Global Times - Op-Ed
Depending on which side you are on, the Syrian conflict has taken a turn
for the better or for the worse following the Syrian Army's retaking of
the rebel-held city of Qusayr earlier this month after a two-week-long
The siege, aided by Lebanon's Hezbollah, marks an
upswing for the embattled regime of Syrian President Bashar al-Assad,
being the first decisive victory over a rebel-held city since the
conflict began in the spring of 2011.
The tide appears to be
turning in Assad's favor, while the rebels and their supporters have
faced a serious setback. Decisive battles are now afoot that will change
how the conflict plays out.
Qusayr, in western Syria, was
strategically important to the Free Syria Army (FSA) due to its
proximity to the Lebanese border and as a conduit for smuggling weapons.
With the fall of Qusayr, and the Syrian Army having retaken
control of the Damascus to Aleppo highway, the government armed forces
are moving north on the city of Homs and the rebel-controlled areas of
the country's second largest city, Aleppo.
If the rebels lose
these two cities, their options will be limited to try and hold the
Northeast, largely restricted to guerrilla tactics to wear the Syrian
Army down and prompt more desertions, as it did before when the uprising
spread throughout the country.
As General Salim Idriss, chief
of staff of the FSA's Supreme Military Council, put it to the press,
"the best way for us to fight this regime is by guerrilla warfare or hit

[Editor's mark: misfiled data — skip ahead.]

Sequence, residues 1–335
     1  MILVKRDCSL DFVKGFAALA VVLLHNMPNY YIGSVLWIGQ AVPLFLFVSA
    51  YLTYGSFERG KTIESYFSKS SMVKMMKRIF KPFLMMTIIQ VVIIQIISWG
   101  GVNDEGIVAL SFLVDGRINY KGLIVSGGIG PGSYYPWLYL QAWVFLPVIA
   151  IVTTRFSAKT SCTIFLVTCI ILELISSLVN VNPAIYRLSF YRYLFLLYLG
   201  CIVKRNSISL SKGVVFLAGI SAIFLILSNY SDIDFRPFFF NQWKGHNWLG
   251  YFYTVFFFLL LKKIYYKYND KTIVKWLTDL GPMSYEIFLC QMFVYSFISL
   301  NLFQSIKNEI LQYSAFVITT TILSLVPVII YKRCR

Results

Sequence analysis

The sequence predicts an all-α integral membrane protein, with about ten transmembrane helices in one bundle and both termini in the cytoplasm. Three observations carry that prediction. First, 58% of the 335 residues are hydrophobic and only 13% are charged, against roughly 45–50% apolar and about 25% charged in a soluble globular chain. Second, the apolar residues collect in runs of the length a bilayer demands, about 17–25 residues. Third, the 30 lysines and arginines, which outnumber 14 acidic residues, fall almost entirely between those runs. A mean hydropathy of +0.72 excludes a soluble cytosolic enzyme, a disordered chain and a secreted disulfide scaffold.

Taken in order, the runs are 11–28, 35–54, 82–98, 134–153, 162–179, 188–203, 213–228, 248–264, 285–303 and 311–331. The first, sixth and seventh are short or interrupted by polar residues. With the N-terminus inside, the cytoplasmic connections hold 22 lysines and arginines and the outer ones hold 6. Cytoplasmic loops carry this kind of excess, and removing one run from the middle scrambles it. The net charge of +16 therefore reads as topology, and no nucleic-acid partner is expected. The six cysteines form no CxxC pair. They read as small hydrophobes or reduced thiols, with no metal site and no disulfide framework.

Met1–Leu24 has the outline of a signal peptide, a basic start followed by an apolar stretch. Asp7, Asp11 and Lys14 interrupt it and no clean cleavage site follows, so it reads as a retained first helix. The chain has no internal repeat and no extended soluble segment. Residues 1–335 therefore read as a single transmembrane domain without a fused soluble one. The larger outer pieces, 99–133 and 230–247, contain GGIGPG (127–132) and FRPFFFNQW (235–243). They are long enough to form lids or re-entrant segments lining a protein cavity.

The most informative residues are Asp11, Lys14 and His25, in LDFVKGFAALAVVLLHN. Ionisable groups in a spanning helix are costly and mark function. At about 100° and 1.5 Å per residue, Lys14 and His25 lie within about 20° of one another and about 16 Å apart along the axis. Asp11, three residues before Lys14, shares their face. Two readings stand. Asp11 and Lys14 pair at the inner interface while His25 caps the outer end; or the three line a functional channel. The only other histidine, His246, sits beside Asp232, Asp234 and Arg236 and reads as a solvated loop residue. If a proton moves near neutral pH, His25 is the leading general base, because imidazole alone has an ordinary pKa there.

and run tactics without holding on to territory." By Idriss' own
admission, the FSA has been weakened and is in serious need of more than
light weapons to take on the Syrian Army and air force if it is to
The anti-Assad camp does not want the rebels to lose
their footing. The US has announced it will provide military aid
"different in scope and scale to what we have provided before," but
other NATO allies have been less forthcoming.
hesitancy about supplying the rebels with heavy weaponry is that they
could fall into the wrong hands, primarily radical Islamist groups such
as the Al-Nusra Front, which has become infamous for a commander cutting
out the heart of a dead Syrian soldier on videotape, as well as for its
Furthermore, NATO countries are reluctant
to go into Syria to enforce a no-fly zone on behalf of the rebels given
the lack of public will for further foreign intervention, and that an
air campaign has to factor in that Syria has Russian-supplied
Nonetheless, a turning point is looming
for the anti-Assad factions as to whether to multilaterally heavily arm
the rebels and resort to aerial intervention or not.
US-Russia-sponsored peace talks have been largely scuttled due to the
opposition not wanting to turn up as it is not in the best bargaining
For the FSA and its backers, a turn in fortunes is
needed militarily to be able to push for more concessions at the
On the international stage, a setback for the
rebels in Syria is a blow in the West's campaign against Syria's ally
Iran, and by extension to countering Russia and China.
alleged use of chemical weapons by the Syrian Army is being pushed as
the proverbial "smoking gun" to rally support for major international
The weapons of mass destruction argument worked
before when beating the drums for war on Iraq, and when public opinion
in the West was not initially amenable to intervention in Libya, and
recently in France's intervention in Mali, military actions were
If the Syrian rebels get extensive
backing and air cover as a result of the loss of Homs and Aleppo, then a
different phase starts in the conflict. As it does if the rebels are
not supported and pushed further on the defensive. Regardless, a
rumbling conflict will likely rage for years, whether between what
remains of the rebels and the Assad regime, or between rival rebel
The violence that continues in Iraq, where more than
1,000 people were killed last month, should remind us how long this